If you’re curious about your traffic spikes, use the charts to analyze a time period when you ran a promotional campaign and how much bandwidth you used. If you pair this knowledge with the bandwidth estimate calculation above, you can rest assured that your website will provide the best user experience possible under large traffic.

Page speed versus website speed

Page speed is the time each individual page takes to load when someone clicks on it. Since your website is a collection of individual pages, it makes sense that website speed is an average of the load times for every page.

You can influence both metrics with the types of images you use, the content on your website, and your website bandwidth.

In turn, website speed influences key metrics such as search visibility, conversion rates, and bounce rates.

Increased website speed leads to a better user experience which results in reduced bounce rates, greater search visibility, and increased conversion rates.

In general, a higher website speed is the result of higher bandwidth. If you compared an eight-lane highway to a four-lane highway, the average car speed would be higher on the eight-lane road. And during rush hour, the difference would be more profound.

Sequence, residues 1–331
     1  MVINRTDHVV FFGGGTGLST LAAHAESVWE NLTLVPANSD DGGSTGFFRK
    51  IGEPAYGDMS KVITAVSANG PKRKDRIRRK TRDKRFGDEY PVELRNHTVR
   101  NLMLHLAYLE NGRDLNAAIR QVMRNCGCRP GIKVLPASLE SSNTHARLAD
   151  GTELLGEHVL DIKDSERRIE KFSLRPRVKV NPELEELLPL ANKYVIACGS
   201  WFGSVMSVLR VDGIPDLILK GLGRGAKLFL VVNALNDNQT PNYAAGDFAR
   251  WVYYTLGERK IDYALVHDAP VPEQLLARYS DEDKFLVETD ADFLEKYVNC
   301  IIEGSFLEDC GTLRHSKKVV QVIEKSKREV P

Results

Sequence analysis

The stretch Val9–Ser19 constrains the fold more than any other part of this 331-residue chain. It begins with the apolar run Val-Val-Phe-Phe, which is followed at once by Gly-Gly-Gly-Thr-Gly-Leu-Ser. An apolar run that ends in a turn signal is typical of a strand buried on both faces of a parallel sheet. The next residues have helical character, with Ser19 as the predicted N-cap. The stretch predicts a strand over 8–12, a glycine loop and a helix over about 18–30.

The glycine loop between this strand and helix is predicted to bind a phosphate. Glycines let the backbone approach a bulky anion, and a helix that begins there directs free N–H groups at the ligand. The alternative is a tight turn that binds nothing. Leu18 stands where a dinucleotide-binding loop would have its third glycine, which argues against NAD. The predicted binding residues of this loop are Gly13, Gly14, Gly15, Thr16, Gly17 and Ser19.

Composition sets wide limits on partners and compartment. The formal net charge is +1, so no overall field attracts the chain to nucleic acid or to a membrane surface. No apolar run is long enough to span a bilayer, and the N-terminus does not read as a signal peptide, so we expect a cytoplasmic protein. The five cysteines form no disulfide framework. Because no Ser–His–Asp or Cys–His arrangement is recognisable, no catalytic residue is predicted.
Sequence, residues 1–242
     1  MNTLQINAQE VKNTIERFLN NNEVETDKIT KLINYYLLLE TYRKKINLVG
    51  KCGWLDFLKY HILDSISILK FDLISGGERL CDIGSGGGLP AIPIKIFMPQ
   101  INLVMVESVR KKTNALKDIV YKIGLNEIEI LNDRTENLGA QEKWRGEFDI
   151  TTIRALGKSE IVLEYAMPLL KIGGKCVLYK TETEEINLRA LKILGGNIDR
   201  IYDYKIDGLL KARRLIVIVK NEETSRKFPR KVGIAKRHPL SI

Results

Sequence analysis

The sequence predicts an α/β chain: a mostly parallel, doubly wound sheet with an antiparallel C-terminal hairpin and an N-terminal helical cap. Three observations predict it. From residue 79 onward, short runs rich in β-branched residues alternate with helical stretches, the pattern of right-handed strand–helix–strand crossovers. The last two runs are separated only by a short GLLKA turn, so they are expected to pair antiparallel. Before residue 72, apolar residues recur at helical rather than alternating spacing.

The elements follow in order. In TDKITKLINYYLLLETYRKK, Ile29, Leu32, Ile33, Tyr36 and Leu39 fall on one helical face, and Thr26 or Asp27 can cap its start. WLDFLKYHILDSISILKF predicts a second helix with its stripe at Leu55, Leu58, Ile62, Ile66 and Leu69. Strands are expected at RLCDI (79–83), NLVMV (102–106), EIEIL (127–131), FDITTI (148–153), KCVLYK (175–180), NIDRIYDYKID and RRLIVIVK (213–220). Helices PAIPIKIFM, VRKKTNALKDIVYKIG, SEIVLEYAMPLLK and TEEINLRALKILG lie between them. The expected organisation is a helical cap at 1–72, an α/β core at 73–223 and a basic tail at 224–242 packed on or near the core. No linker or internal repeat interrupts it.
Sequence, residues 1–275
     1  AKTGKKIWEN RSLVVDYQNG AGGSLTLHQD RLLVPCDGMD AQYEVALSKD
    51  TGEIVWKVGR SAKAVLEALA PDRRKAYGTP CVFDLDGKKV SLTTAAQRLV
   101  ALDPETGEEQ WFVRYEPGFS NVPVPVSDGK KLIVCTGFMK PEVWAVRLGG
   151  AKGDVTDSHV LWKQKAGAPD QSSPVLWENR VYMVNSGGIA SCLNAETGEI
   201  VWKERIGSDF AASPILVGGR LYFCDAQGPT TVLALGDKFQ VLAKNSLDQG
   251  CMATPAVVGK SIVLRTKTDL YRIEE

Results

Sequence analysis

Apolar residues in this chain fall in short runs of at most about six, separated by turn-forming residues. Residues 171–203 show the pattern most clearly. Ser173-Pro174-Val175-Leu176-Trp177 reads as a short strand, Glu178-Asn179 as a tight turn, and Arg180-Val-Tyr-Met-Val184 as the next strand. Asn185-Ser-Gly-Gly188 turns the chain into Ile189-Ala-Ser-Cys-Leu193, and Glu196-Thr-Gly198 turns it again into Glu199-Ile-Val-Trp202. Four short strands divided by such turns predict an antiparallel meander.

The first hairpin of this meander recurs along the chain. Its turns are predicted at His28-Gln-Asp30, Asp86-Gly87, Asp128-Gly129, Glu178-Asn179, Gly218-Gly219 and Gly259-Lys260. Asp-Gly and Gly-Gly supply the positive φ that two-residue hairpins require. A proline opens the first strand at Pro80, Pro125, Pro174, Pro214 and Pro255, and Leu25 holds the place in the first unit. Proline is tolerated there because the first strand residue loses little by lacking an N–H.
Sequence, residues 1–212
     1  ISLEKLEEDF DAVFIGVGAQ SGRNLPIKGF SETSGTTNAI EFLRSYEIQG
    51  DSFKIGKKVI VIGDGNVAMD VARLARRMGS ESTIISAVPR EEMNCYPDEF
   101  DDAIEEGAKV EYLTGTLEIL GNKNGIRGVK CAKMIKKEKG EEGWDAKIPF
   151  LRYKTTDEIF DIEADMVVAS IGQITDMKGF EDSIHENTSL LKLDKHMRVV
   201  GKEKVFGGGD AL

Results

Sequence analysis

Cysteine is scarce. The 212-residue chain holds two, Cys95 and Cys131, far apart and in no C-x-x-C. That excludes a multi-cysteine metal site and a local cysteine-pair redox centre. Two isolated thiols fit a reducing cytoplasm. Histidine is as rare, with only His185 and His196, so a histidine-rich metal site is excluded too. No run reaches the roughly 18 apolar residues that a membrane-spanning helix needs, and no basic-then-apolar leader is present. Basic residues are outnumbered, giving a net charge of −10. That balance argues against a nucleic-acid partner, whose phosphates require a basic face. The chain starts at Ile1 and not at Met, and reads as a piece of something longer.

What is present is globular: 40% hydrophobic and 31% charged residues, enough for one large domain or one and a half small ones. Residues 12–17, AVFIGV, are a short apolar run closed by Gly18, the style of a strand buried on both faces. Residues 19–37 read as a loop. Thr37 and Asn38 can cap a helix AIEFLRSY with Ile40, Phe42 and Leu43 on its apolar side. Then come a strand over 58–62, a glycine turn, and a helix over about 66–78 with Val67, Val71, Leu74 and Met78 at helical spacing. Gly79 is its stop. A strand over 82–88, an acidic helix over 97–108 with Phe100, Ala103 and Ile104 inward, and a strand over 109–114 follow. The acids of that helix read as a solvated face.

Your website bandwidth is a limiting factor for your page speed and website speed. With high bandwidth hosting, your website could run much faster.

However, you might already use an unlimited bandwidth plan and want to improve your overall website speed.

That’s because no matter how high spec of a hosting plan you use, unoptimized sites will still be slow. It’s important to note that you should be offloading site bandwidth to a CDN provider for site assets. Slow front end requests will cause your site to be slow, regardless of how much bandwidth you can use.

Other factors influencing your website speed include:

  • Size of images and other media on the page.
  • Complexity of the page’s content, such as the number of front end assets — the fewer assets that load the faster the front end load time is for the site.
  • Performance of the user’s CPU and internet connection.
  • Number of server requests needed to load each page.
  • Dedicated server bandwidth and hosting performance.